Nationalist Baudet's election victory speech "worrying and threatening", Tilburg professor says
The victory speech FvD leader Thierry Baudet gave after his party won 12 Senate seats in the Provincial States election on Wednesday was full of fascist statements that made his supporters yearn for the Netherlands of the 19th century, according to Jan Jaap de Ruiter, professor of Cultural Studies at Tilburg University. "His statements about a purified and boreal Netherlands are worrying and threatening", De Ruiter said to De Gelderlander.
In his 20 minutes long victory speech, Baudet said that the voter has punished the Netherlands' current leaders for their "arrogance and stupidity". "Economic and political capitulation is coming to an end", Baudet said. "We have been called to the front because our country needs us." He spoke of sustainability idolatry and climate witchcraft, and strongly criticized various aspects of Prime Minister Mark Rutte's policy, which he called economic nonsense. The FVD leader said that he would dispel "the idol called transition", referring to the transition to an economy that is less harmful to the climate.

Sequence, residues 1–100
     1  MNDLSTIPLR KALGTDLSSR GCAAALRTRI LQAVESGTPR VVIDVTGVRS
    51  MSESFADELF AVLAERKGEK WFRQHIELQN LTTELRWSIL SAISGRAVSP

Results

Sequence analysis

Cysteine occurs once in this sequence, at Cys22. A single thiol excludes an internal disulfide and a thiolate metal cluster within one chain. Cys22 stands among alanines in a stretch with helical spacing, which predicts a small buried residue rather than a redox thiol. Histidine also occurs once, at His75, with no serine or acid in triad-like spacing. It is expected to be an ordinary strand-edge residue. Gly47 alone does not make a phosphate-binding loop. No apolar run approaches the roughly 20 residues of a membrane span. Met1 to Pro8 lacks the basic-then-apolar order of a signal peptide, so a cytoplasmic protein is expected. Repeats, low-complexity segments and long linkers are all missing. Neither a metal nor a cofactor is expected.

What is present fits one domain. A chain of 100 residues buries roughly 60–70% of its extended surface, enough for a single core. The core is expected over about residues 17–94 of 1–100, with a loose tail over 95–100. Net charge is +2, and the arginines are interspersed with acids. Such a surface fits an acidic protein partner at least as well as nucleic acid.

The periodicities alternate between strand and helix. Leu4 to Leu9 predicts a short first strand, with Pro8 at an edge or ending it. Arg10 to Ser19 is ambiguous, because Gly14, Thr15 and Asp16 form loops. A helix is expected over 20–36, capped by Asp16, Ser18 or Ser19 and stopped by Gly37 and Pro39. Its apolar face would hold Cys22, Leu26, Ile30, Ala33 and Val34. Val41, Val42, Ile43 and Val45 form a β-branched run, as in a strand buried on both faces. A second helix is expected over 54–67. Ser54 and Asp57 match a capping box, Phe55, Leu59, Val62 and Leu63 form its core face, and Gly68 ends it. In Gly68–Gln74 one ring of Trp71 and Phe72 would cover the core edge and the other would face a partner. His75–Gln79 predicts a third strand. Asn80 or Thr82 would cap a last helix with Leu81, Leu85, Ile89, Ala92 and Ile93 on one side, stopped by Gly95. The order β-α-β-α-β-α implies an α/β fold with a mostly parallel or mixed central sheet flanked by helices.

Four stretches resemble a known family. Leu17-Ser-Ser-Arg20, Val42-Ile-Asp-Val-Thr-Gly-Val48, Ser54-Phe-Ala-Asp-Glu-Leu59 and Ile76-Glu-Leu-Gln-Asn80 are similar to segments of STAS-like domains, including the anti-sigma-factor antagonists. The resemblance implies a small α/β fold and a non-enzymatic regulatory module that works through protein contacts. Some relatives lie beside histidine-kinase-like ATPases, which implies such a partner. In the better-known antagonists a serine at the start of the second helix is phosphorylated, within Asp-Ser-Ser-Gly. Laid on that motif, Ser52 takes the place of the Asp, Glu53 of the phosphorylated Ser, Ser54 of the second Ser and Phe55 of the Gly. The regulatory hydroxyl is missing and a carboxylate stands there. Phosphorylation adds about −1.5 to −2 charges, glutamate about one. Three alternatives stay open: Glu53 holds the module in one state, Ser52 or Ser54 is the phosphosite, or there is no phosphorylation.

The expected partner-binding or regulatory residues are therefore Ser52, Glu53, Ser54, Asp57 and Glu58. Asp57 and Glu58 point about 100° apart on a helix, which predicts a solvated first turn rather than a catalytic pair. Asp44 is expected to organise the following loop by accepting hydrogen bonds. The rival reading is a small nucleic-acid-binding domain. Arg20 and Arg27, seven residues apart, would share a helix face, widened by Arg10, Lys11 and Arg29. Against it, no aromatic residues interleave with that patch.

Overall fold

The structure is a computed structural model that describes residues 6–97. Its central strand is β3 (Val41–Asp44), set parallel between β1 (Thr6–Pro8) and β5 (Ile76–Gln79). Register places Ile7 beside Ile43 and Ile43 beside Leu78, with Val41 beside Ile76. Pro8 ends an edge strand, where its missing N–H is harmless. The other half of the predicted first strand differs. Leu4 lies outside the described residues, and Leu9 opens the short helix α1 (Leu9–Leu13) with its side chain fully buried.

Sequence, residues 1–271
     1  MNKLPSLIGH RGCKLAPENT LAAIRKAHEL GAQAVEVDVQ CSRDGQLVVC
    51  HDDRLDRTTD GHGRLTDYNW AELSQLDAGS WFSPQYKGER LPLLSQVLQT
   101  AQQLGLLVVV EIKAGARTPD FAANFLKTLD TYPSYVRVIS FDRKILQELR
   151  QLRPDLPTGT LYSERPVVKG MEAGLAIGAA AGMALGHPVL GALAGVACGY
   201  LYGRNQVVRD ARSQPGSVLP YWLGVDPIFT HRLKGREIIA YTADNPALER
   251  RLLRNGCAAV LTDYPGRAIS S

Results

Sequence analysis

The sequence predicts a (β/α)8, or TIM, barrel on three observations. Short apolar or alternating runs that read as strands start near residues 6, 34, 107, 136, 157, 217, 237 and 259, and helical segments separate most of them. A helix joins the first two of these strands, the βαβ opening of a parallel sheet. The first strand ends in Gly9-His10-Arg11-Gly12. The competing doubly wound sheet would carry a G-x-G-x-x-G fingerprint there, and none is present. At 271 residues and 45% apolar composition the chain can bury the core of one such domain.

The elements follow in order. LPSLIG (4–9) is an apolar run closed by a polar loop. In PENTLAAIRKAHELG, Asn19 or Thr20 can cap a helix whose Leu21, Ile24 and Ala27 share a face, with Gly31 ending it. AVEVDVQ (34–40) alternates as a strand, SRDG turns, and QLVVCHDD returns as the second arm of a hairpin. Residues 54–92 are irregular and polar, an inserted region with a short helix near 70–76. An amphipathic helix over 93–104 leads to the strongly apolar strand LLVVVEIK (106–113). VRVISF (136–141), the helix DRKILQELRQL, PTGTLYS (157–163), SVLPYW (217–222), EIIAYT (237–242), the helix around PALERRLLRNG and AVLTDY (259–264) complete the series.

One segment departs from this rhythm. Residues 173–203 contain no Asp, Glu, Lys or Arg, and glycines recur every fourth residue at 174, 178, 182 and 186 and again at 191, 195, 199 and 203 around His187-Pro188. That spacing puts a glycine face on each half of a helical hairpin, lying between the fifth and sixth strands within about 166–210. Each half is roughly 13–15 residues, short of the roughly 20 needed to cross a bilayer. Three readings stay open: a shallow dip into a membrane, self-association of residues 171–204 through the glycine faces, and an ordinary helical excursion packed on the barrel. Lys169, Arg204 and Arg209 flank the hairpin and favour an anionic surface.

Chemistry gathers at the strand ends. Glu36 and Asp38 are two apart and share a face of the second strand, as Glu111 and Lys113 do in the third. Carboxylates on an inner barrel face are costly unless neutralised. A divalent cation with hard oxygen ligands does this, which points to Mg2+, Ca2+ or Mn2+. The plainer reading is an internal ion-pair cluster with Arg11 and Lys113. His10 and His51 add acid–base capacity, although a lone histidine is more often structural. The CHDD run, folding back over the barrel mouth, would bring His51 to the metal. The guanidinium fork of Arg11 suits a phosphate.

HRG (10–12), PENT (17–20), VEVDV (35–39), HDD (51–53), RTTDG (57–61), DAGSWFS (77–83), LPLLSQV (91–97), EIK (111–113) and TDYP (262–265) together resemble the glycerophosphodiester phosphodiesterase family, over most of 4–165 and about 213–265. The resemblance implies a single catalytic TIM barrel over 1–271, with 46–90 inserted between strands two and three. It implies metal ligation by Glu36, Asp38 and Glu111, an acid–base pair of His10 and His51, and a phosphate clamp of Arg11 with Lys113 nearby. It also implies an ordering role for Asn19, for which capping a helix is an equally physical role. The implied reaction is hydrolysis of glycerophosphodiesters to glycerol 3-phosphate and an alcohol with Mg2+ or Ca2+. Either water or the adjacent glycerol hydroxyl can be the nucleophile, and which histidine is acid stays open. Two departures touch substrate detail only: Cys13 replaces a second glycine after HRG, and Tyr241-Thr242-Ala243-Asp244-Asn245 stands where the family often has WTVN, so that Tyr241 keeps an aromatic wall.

According to De Ruiter, Baudet prepared his speech very carefully. "He didn't just put it down on paper just after that huge seat win. This was thought through word for word, letter for letter. He does this in the way we know him: with beautiful quotes, expensive words and a lot of symbolism that a linguist can break his head on. But above all, his statements were very disturbing", De Ruiter said to the newspaper.
Throughout his speech, Baudet constantly referred to national history and Western civilization, which he believes are being undermined by universities, journalists and politicians. "We are being destroyed by the people who should protect us", he said. "We are undermined by universities and journalists, by people who design our buildings." He spoke of a "boreal world", an idea that stands for the desire to keep Europe white, and which is often associated with fascist idea, according to De Ruiter.
The Tilburg professor is concerned about Baudet's specific choice of words. "I do not believe that Baudet is a fascist and strives for a world as it was in the 1920s and 1930s, but at the same time I wonder: why is he saying this? Why does he have such scary racial theories? He wants to say something with it. Baudet is really not stupid, he certainly knows that what he's quoting has been said by controversial politicians like Le Pen."